The 42-year-old woman used rope to hang herself across the street from some homes on a moderately busy road late Tuesday or early Wednesday, state police said.

The body, suspended about 15 feet above the ground, could be easily seen from passing vehicles.

This speaks for itself. My only thought is that anyone with such a vivid sense of humor, gallows humor I suppose one might say, should still be alive.

Friday Meme -- Spirituality

Since we've been discussing matters of spirituality here of late, this seems a perfectly quaint way to start the day:

You fit in with:

Your ideals mostly resemble that of a Humanist. Although you do not have a lot of faith, you are devoted to making this world better, in the short time that you have to live. Humanists do not generally believe in an afterlife, and therefore, are committed to making the world a better place for themselves and future generations.

20% spiritual.
80% reason-oriented.

Take this quiz at

I think it's interesting to note that the Judeo-Christian faiths are assigned a place on the scientific side of the x axis, rather than the spiritual side. I'd be curious whether the people who came up with this actually were informed by clear working definitions of, e.g., spirituality.

Care of Binky. See, Mark, whether Humanism encompasses everything non-theistic (the rather unscientific chart suggests otherwise), it apparently has me firmly in its skeletal grasp. ;-p

Thursday, October 27, 2005

too much about nothing

Michael, at "too much about nothing," quotes a fabulous passage from Justice Harlan's dissent in Poe v. Ullman, 367 U.S. 497, 542 (1961) (Harlan, J., dissenting), which I reproduce in precisely the same contour as Michael does:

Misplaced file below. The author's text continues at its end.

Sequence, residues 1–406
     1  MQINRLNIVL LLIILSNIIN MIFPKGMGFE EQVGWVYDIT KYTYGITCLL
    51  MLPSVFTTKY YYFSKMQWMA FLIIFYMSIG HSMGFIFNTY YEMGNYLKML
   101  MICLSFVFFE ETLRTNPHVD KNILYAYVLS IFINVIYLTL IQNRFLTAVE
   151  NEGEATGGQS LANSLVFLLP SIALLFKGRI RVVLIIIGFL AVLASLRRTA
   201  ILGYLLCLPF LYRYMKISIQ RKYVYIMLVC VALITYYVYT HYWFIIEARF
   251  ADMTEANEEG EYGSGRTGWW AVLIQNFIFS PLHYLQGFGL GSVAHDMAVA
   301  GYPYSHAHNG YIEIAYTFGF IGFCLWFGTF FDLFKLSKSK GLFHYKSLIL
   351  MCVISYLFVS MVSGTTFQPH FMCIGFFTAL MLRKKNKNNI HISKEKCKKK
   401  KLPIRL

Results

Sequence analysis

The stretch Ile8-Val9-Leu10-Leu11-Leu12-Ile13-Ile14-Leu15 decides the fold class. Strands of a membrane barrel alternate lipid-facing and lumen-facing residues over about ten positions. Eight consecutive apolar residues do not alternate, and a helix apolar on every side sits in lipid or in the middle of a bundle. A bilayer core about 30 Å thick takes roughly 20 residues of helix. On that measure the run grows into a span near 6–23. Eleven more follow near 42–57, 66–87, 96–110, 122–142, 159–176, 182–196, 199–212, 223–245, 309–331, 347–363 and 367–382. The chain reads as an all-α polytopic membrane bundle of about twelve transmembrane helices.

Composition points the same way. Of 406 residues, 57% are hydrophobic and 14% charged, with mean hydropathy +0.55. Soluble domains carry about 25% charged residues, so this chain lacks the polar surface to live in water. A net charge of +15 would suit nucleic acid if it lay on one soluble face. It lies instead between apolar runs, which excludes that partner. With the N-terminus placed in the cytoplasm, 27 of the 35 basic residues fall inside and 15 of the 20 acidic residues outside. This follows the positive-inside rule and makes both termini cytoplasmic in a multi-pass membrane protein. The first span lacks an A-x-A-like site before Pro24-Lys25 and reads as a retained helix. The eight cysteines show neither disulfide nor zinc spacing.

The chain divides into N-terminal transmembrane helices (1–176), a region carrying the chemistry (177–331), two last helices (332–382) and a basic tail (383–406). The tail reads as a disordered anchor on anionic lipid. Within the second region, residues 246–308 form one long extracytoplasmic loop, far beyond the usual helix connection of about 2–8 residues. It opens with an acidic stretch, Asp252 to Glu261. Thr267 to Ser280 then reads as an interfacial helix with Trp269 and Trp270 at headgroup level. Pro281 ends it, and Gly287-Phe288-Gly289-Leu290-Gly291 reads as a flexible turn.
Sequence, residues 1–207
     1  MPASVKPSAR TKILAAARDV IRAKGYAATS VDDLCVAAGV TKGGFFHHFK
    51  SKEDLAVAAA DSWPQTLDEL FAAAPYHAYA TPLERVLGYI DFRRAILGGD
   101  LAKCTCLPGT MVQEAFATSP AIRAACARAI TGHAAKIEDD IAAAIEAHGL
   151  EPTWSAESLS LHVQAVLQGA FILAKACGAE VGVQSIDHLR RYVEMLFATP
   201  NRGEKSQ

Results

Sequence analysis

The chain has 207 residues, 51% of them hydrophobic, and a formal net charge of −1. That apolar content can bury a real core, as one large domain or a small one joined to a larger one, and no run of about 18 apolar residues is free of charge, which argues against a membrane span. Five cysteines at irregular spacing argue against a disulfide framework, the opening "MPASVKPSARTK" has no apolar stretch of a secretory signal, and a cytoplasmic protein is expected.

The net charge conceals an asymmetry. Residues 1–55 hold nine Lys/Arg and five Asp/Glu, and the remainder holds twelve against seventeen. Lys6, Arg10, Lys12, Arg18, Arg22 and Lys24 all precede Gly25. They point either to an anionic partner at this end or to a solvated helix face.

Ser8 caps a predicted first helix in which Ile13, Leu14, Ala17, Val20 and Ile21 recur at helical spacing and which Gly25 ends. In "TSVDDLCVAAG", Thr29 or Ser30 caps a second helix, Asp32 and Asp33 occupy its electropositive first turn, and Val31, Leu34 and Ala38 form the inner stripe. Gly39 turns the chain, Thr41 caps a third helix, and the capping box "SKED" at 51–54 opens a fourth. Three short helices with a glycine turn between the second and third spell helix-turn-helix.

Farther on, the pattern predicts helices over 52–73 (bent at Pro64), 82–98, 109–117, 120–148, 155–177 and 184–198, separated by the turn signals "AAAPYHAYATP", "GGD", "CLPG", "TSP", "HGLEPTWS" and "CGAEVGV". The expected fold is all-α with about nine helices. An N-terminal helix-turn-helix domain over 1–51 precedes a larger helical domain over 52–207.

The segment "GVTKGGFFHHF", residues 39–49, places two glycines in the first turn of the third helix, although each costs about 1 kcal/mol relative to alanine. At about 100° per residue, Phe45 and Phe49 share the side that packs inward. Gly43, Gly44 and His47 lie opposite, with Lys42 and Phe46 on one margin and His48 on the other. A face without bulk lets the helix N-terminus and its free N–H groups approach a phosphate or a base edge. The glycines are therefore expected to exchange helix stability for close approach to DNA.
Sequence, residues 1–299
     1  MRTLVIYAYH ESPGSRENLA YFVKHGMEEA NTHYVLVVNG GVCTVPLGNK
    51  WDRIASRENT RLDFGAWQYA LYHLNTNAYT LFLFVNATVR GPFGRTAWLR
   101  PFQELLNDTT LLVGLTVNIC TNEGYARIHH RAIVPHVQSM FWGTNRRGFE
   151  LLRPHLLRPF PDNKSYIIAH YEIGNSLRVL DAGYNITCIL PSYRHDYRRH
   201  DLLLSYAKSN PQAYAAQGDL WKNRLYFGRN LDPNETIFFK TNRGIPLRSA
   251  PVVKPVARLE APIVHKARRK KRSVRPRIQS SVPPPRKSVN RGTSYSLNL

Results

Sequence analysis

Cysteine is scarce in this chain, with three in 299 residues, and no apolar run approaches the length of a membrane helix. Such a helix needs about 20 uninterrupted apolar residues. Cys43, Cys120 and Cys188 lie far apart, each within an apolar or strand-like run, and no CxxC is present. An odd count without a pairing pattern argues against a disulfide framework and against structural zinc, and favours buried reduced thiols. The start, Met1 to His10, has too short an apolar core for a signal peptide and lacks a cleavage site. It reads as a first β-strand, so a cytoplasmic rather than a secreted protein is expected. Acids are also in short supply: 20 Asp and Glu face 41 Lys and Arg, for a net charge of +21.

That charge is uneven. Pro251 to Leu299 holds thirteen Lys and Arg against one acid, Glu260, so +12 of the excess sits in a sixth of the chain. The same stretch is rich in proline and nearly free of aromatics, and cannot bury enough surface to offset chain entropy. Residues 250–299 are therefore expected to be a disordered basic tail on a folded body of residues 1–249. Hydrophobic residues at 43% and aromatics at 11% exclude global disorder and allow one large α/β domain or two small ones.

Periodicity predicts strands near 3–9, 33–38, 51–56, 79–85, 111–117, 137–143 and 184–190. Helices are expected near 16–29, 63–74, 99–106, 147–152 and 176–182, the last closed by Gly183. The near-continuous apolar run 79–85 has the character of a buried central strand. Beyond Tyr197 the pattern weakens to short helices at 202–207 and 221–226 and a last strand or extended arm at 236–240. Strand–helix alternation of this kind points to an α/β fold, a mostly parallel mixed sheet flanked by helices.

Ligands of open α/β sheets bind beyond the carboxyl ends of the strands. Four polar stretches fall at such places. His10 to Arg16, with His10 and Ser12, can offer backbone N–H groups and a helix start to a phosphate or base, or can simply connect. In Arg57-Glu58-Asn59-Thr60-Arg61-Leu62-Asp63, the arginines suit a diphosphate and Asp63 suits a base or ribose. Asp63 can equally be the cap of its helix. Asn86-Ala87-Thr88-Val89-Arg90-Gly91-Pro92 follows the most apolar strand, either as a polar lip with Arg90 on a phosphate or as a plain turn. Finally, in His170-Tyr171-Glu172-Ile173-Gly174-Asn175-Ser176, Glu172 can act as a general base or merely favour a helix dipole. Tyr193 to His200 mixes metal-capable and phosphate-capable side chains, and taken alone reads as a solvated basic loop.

Due process has not been reduced to any formula; its content cannot be determined by reference to any code. The best that can be said is that through the course of this Court’s decisions it has represented the balance which our Nation, built upon postulates of respect for the liberty of the individual, has struck between that liberty and the demands of organized society. If the supplying of content to this Constitutional concept has of necessity been a rational process, it certainly has not been one where judges have felt free to roam where unguided speculation might take them. The balance of which I speak is the balance struck by this country, having regard to what history teaches are the traditions from which it developed as well as the traditions from which it broke. That tradition is a living thing. A decision of this Court which radically departs from it could not long survive, while a decision which builds on what has survived is likely to be sound. No formula could serve as a substitute, in this area, for judgment and restraint.